In what amounts to perhaps the most unhurried act of animal predation ever caught on camera, researchers have filmed for the first time a giant tortoise slowly – ever so slowly – closing in for the kill.
This drawn-out encounter – between a lumbering, almost leisurely giant tortoise (Aldabrachelys gigantea) and its grounded bird prey – is gruesome to watch. But it's also entirely transfixing.
After all, we've never seen a tortoise 'hunt' anything before. Who knew these dawdling giants had it in them?
"I couldn't believe what I was seeing," says biologist Justin Gerlach from the University of Cambridge. "It was horrifying and amazing at the same time."
The footage, captured on Frégate Island in the Seychelles archipelago, shows a female giant tortoise slowly pursuing a flightless lesser noddy tern (Anous tenuirostris) chick.
In a new study describing the encounter – said to be the "first documented observation of a tortoise deliberately attacking and consuming another animal" – the researchers indicate the hunt lasted seven minutes in total, including a passage where the tortoise pursued the chick along the top of a log.
The video – captured by Anna Zora, deputy conservation and sustainability manager with the Frégate Island Foundation – lasts for only a fraction of that, but it's enough to unequivocally show a deliberate, calculated attack on the part of the tortoise.
"It was looking directly at the tern and walking purposefully toward it," says Gerlach. "This was very, very strange, and totally different from normal tortoise behavior."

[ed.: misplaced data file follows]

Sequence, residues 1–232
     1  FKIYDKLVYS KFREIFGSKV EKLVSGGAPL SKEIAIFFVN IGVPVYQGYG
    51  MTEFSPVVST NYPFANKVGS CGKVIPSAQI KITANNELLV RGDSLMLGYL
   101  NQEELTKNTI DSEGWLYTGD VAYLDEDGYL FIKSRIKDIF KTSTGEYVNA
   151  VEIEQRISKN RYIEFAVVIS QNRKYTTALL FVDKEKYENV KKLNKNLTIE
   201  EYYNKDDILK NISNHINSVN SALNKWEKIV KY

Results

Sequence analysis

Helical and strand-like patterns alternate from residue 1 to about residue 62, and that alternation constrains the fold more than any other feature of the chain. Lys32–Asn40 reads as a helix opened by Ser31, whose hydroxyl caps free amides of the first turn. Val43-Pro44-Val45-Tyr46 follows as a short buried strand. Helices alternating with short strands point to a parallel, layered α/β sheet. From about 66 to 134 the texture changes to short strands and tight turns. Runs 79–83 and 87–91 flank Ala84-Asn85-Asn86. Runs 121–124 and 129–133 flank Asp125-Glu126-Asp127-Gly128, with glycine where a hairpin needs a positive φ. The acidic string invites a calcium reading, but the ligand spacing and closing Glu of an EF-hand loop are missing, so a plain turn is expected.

While tortoises such as A. gigantea (aka the Aldabra giant tortoise) are primarily herbivorous, the researchers say there have been anecdotal reports of tortoises squashing crabs with their carapaces, or unfilmed reports of the primarily herbivorous animals eating birds or consuming carrion.
Nonetheless, prior studies have never surfaced any actual evidence of hunting.
"Previously it's always been impossible to tell if the tortoise had directly killed the animal, or if it had just happened to sit down on one and find it conveniently squashed dead," Gerlach says.
The new footage settles the question, and in harrowing fashion. Tortoises do hunt creatures, after all, make no mistake. It just takes them a while to close the deal, and the prey has to be a pretty easy catch.
What remains unknown is just how often this kind of thing occurs. According to the researchers, there are signs this might be a lot more common than we knew, at least among the tortoise population of Frégate Island.
"The direct approach to the chick on the log suggests that the tortoise had experience of being able to capture a chick in such a situation," the researchers write in their paper.
"This indicates that this type of interaction is not infrequent for this individual. The observation of other tortoises hunting and consuming birds suggests that this behavior has been adopted by several individuals."
The findings are reported in Current Biology.